Robert Graves (1895-1985)
In the first stanza of this poem the speaker abuses the wanton because he takes an interest in love and beauty shamelessly. He is impatient because whenever the name of love or beauty is taken he raises his angry head and looks constantly. He does not like these concepts of love and beauty which are inspiring, aesthetic and creative. The second stanza mentions the destructive and violent effects of the wanton. Wanton is like the poor bombard captain in charge of his desire, the captain who is sworn to reach the fortification to disturb and destroy the things.
Likewise the wanton is carried away and overpowered by his carnal lust (sexual energy) and impetuous emotions. The third stanza talks of the negative aspects of love and beauty. Love may be blind but it can make a distinction between what is man (spiritual possibility) and what is “beast” (physical and wild) in us. Similarly, a beauty may be unstable and sometimes can be a source of pride, but she expects that the leader should have better character than hers. In the fourth stanza the poet addresses the wanton “witless “(fool) ironically implying that it lacks intelligence and firmness in attitude. In the last stanza the speaker again wonders if the beauty will come to accept his practical approach and if love will remain faithful to his best quality. Therefore he asks the wanton to go away and get lost.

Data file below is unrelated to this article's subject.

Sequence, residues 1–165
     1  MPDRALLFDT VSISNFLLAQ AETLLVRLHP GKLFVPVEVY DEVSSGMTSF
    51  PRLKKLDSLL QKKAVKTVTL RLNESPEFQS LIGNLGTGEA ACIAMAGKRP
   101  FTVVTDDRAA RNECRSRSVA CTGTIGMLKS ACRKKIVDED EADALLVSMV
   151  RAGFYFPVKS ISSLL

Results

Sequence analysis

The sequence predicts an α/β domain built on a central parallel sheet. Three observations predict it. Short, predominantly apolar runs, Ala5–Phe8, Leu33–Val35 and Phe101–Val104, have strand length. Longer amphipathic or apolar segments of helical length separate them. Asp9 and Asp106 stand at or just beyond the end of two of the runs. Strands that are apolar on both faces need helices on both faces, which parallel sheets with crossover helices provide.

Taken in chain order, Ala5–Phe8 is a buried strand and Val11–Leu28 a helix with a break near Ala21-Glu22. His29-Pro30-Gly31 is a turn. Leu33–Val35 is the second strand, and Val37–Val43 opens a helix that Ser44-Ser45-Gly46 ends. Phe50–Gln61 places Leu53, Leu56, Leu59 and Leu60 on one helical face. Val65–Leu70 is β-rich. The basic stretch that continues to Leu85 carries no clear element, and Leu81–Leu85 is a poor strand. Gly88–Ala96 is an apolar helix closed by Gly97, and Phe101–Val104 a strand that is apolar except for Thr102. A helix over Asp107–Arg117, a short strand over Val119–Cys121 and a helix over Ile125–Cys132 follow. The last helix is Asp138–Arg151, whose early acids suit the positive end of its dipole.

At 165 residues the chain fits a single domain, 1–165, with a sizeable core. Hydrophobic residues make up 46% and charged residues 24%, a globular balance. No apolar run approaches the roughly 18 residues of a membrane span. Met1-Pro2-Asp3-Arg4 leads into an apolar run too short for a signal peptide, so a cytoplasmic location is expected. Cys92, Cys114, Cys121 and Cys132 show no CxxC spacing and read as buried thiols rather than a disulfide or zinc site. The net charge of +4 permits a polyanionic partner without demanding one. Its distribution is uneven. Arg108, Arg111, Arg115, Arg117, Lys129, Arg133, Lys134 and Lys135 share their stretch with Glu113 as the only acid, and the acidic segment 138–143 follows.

The speaker in this poem is addressing the sexually immoral person as “my witless” in this poem. The person lacks a sense because he does not know the difference between human love and animal lust. He shamelessly takes interest in love and beauty. He is involved in a sexual act, but is indifferent afterwards. He is not a talented person. He wants the women to bow to his sexual desire. Graves is making fun of stupid, animal lust. He says that love may be blind but it knows what love is and what lust is. Likewise, the beauty also expects the good character of others. But the Wanton is shamelessly involved in love and beauty.
There are five stanzas in this poem. Every stanza has four lines. The rhyme scheme of every stanza is similar. The first two lines rhyme with each other and so do the last two lines. The rhyming pattern of the first stanza is: aa bb. All other stanzas follow the same rhyming scheme.
The Persian Version: Summary and Analysis